Ball State and Muncie are hosting a town hall discussion on promoting peace in troubled times at 7 p.m. on April 1. The Muncie City Council and Muncie Mayor Dennis Tyler passed and signed a resolution on March 7 that supports religious diversity, tolerance and mutual understanding. It was created due to the increased anti-muslim sentiment and an incident that occurred in November at that Muncie Mall, where a woman posted on social media that she was worried about a terrorist attack after seeing two women in traditional Muslim robes and head coverings at the mall. DN FILE PHOTO ALLIE KIRKMAN
City, university work to promote peace in community
As hate crimes continue to occur across the U.S. and the world, cities and universities are stepping up to ensure everyone feels welcome.
Ball State and Muncie are hosting a town hall discussion on promoting peace in troubled times at 7 p.m. on April 1.
The Muncie City Council and Muncie Mayor Dennis Tyler passed and signed a resolution on March 7 to support religious diversity, tolerance and mutual understanding.
The resolution was created in response to increased anti-Muslim sentiment and an incident that occurred at the Muncie Mall in November, where a woman posted on social media that she was concerned of a terrorist attack after seeing two women in traditional Muslim robes and head coverings at the mall.
City Council member Alison Quirk said she proposed the resolution at the request of the mayor.
“The mayor worked with a group of concerned citizens that asked the city to take a stance on supporting those of various religions and celebrating our diversity in the community," Quirk said. "Unfortunately, we are seeing people being targeted for their religion and even being victimized across the United States."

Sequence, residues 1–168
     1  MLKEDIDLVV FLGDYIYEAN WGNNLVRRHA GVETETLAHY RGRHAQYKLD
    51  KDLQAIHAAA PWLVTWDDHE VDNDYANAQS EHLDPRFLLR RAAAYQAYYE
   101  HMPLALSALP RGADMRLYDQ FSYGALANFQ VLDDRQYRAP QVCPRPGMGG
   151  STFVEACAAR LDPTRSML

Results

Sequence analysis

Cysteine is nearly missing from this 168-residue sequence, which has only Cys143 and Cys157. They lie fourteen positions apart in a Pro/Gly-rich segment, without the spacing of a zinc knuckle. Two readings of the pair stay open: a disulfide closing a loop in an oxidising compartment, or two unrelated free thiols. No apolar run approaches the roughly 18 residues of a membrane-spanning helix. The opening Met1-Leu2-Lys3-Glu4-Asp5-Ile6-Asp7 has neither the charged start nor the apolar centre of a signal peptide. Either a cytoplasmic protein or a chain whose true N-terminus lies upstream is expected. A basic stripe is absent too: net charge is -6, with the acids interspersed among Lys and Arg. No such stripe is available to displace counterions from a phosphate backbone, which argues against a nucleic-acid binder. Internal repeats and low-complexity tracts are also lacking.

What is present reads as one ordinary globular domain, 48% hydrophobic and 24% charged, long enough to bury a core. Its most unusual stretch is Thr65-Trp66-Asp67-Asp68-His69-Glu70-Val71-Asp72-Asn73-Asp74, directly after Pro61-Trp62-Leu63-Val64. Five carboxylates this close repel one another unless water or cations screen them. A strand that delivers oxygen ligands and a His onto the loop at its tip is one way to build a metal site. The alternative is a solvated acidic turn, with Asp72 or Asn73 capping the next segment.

The resolution is an extension of an ordinance that was made in May 2015 after Gov. Mike Pence signed the Religious Freedom Restoration Act. Quirk said the resolution became effective on March 7, right after it was passed and signed.
The Muncie Human Rights Commission had planned to discuss the resolution and the Muslim community in a meeting on March 17 at Muncie City Hall, but the meeting was canceled due to several commissioners’ participation in the St. Patrick’s Day parade that same day.
Yvonne Thompson, human rights executive director, said the incident at the Muncie Mall is not the way she wants Muncie to be portrayed.
“Stuff like this happening in Muncie is very alarming, to say the least," Thompson said. "Here in Muncie, we are trying to be forward thinking, be more welcoming. And you know, things have changed a lot for Muncie. I just think that something like that particular incident was very disturbing."
Miranda Martin, president of the Ball State Arabic Club and member of the Muslim Student Association, said she feels like Muslims felt safe living in Muncie despite the rising national anti-Muslim sentiment.
“There are a lot of really nice people here who are actually really helpful," Martin said. "I have a friend — and she’s also Muslim … [and] wears the hijab— she was with her husband and they got into car trouble, and she said that five people or more stopped to help her. They didn’t care that she was Muslim. She’s a human being who needed help."
Thompson said the resolution is broad so it can include all people of protected status.
“We’re just trying to make people feel welcome," she said. "You know, that’s a frightening thing — to think that your government is against you."
Muncie has a history of discrimination. According to Indiana’s official website, Muncie’s Jewish community faced discrimination in areas such as housing and employment up until the 1960s. African Americans have faced racism in Muncie since the late 1800s. There is still a white supremacist group located in Muncie, called the Southern European Aryan League Army, that promotes white separatist ideologies.
Thompson said she thinks Muncie’s history makes the prejudice against certain groups deeper than it appears.
“There continues to be a cycle of discrimination that is so crazy," Thompson said. "It’s just insidious. And that has to stop. We all bleed blood, we all have skin, we all have a heart, we all have a brain — that’s it."
Ball State will also host a peace conference April 1-2 where community activists and scholars will present strategies and recommendations for peace-building in the community.